Archetype imagery plays a crucial role in our lives. We may not realize the origin of the archetype or its hidden implications. *
One of these archetype images is the forest, especially one which appears dark and mysterious. Down through the ages the forest has held a mystical place in the minds of villagers on the outskirts of the ancient habitats of life.
Fairy tales and stories like Hansel and Gretel, who were left in the forest to perish by parents and captured by a witch, or like Rip Van Winkle, who joined a group of strangers in the high mountain forest and quaffed their strange beverage resulting in a twenty-year sleep, are just two examples of the forest as an archetype. Of course, these two stories eventually had happy endings, and it was not the forest itself which was the antagonist but simply the setting where antagonists could roam and hunt their prey.
In his encompassing poem The Dark Forest Philip Edward Thomas wrote
Dark is the forest and deep and overhead
Hang stars like seeds of light
In vain, though not since they were sown was bred
Anything more bright.
And evermore mighty multitudes ride
About, nor enter in;
Of the other multitudes that dwell inside
Never yet was one seen.
The forest foxglove is purple, the marguerite
Outside is gold and white,
Nor can those that pluck either blossom greet
The others, day or night.
Walking through a forest with a verdant canopy overhead, there are places where the sunlight touches the landscape. This mixture of light and dark add a mystique to the forest, especially if the wind is blowing the tops in an ancient dance.
In M. Night Shyamalan’s 2004 film THE VILLAGE, a 19th Century Pennsylvania village lives in fear of the forest which surrounds the hamlet. The elders have told them there are monsters in the woods which are referred to as “Those We Don’t Speak Of“.
Monsters are typical archetype images. Who has not imagined in some realistic way that under one’s bed or in that closet something dangerous is waiting for its opportune time to strike?
Shyamalan’s red-cloaked monsters populate the forest. There are times when fear must give way to curiosity laden with courage by looking under the bed or opening that closet door or venturing into the unwelcoming forest.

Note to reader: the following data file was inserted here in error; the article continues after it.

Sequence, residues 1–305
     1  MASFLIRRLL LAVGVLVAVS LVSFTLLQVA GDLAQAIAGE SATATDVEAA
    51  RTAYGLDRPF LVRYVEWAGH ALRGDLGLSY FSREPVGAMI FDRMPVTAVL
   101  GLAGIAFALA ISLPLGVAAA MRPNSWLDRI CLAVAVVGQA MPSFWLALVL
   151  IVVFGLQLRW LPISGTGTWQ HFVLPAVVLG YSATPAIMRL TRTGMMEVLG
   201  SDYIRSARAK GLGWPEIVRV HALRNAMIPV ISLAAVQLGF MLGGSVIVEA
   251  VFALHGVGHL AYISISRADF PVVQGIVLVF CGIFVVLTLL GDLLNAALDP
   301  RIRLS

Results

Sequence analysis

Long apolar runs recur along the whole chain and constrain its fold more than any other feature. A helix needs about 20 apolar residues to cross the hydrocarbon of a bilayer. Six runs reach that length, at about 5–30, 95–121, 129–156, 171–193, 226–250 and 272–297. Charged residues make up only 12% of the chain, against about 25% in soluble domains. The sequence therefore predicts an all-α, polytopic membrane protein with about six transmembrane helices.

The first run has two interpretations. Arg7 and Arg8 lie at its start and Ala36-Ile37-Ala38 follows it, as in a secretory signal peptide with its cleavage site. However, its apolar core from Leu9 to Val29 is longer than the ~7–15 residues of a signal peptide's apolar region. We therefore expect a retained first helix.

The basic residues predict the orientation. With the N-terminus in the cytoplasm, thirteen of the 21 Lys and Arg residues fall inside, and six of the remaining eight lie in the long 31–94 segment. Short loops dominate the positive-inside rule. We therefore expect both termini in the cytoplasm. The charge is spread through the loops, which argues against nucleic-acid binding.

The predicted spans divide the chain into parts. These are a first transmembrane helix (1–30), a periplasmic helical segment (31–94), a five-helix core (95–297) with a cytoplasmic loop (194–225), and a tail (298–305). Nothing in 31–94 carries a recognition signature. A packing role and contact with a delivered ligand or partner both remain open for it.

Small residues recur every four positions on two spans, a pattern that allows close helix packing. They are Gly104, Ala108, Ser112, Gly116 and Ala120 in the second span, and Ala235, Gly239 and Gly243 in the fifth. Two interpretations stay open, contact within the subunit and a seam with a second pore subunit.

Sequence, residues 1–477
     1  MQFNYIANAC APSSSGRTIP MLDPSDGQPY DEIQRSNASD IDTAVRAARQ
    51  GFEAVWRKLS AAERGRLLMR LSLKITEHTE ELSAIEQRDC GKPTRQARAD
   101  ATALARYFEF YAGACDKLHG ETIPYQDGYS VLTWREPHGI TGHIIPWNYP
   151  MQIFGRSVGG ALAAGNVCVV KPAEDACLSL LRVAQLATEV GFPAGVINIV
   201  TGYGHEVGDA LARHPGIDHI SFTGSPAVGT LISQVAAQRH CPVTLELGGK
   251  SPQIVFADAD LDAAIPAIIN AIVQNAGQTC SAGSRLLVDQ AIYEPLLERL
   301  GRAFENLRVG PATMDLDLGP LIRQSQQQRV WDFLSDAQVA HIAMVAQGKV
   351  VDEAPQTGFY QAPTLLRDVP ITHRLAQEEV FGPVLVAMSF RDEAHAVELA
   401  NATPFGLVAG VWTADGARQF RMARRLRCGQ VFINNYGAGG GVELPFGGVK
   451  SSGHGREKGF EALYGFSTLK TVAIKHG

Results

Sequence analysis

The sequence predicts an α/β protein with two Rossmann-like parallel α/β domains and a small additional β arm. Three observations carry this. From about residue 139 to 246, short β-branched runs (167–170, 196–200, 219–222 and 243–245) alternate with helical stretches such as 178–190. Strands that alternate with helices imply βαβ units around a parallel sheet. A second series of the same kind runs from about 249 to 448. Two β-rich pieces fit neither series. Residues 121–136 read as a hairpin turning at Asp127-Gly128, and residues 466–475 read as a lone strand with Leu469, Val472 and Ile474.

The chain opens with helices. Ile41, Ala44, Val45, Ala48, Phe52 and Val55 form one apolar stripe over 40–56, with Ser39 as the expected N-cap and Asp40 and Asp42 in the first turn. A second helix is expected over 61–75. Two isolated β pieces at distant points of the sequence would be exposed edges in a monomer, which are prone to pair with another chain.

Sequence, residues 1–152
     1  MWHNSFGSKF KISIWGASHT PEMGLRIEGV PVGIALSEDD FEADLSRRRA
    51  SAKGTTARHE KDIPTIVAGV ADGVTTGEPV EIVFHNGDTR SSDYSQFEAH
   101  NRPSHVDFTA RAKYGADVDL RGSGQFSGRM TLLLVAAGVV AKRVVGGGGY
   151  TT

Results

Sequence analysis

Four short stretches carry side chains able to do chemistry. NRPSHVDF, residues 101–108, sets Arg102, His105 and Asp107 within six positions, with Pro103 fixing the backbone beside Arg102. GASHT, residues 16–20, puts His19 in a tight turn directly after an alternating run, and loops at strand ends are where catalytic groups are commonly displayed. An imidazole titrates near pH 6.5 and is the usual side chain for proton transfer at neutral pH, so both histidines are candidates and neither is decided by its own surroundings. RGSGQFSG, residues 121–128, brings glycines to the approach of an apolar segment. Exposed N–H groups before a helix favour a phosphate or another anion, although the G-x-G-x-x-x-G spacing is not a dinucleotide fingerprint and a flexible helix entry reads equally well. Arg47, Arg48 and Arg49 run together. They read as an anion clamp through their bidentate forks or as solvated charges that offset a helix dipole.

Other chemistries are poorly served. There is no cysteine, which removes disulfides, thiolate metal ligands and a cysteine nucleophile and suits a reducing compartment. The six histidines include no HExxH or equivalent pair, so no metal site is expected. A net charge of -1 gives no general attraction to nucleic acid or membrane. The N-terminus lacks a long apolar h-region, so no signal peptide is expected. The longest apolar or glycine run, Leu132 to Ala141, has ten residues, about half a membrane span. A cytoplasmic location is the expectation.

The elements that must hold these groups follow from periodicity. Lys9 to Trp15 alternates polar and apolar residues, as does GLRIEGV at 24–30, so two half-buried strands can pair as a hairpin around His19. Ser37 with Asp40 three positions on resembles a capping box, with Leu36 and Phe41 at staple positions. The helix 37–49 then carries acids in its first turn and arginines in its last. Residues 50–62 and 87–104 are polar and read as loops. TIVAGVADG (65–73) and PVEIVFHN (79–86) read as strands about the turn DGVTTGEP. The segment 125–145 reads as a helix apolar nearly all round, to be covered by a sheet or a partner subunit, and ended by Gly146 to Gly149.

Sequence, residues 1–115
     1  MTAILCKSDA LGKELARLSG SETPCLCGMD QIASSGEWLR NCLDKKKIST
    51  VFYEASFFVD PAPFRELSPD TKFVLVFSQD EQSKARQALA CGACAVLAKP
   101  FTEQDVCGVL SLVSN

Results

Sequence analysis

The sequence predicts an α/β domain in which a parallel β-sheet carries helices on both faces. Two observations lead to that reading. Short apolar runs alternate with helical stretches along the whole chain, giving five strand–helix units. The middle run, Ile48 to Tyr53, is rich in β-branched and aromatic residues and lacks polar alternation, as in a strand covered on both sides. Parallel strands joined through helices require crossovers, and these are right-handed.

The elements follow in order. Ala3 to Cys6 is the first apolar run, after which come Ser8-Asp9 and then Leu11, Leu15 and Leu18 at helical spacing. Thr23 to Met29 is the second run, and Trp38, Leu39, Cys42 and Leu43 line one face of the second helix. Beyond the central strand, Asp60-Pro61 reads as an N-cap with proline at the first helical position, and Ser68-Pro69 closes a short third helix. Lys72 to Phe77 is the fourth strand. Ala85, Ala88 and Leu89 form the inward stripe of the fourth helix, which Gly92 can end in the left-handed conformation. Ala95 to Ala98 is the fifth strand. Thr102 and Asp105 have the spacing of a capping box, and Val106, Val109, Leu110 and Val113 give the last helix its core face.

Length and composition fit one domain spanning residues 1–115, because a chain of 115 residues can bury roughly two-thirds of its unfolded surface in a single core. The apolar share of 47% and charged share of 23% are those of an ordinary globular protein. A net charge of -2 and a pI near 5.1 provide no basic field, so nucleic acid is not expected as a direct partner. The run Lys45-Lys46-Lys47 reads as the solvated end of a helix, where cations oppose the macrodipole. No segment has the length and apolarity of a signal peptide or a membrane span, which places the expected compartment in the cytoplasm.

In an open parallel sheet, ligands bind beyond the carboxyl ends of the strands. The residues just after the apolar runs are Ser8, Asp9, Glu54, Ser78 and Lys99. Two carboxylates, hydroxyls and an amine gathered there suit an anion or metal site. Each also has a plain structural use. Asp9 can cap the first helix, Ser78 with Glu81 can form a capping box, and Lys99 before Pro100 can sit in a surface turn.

When Lucius Hunt is severely wounded by a fellow villager, his true love Ivy Elizabeth Walker enters the forest to seek medicines from the “towns” beyond the forest. Her journey will be a gallant one with the unknown woods and dangers.
She masters her fears and confronts one of the “monsters” to save her beloved. It becomes a fight for survival between Ivy and the red-cloaked being, and Ivy is victorious.
Being vision impaired was not a hindrance in her quest which she fulfilled with grace and dignity. True love conquered the fear of the unknown.
When one takes a forest path and takes the time to view the beauty around them, the night phantasms vanish in those seeds of starlight. The monsters fade in the reality of day for monsters are nocturnal.
The monsters of the forest may be shadowy fantoms, but like any reality there are always the Tag-Rag-Bobtails lurking about. Civilized society view these as a rabble who are up to no good, but in many cases they are just people who struggle to survive the daily injustices of existence.
Referring back to Thomas’ poem, some people prefer to live in their forest admiring the purple foxglove. They seem bewitched by this poisonous plant as they ignore the lovely marguerite on the outside edges of their forest.
Unfortunately, the forest becomes their whole existence. They are unable to follow the path to the outside.
Perhaps in 2021 archetypes are more common than we realize. They surround us with hues and tints which color our perceptions, especially if the tarpaulin shades the reality of truth which dispels the monsters of ignorance with their snaky and fork-tongued vehemence.
The gush of joviality gives way to the agony of apprehension when we allow the forest of monsters to plague us with its tenacles. Like the ancient roots of the forest those tenacles drain the life force of its captives in order for the forest to survive.
“We all have forests on our minds. Forests unexplored, unending. Each one of us gets lost in the forest, every night, alone.” Ursula K. Le Guin, The Wind’s Twelve Quarters
G. D. Williams ©2021
*ARCHETYPE DEFINITION AND HISTORY
“Archetype, (from Greek archetypos, “original pattern”), in literary criticism, a primordial image, character, or pattern of circumstances that recurs throughout literature and thought consistently enough to be considered a universal concept or situation.
“The term was adopted and popularized by literary critics from the writings of the psychologist Carl Jung, who formulated a theory of a “collective unconscious.” For Jung, the varieties of human experience have somehow been genetically coded and transferred to successive generations. These primordial image patterns and situations evoke startlingly similar feelings in both reader and author. The Canadian literary critic and theorist Northrop Frye was influential in extending the use of the term archetype to specifically literary contexts. Archetypal criticism has been connected with another group of thinkers more closely allied to its Jungian roots, including Maud Bodkin and James Hillman.”
THE COLLECTED POEMS Edward Thomas 1921
M Night Shyamalan’s The Village revolves around a desolate town in Pennsylvania. The residents of this town live by strict rules – They are not to leave the village or the monsters beyond their boundaries will surely attack them. Lucius and Ivy have an attraction – a strong one. But when Noah – a man with an intellectual disability and who also has feelings for Ivy, finds out that the two are In love, Noah attacks Lucius. He will die if brave Ivy (who is blind) does not breach the borders and find help to save Lucius.
Still photo from “Once Upon A Time” S01E09 Hansel and Greta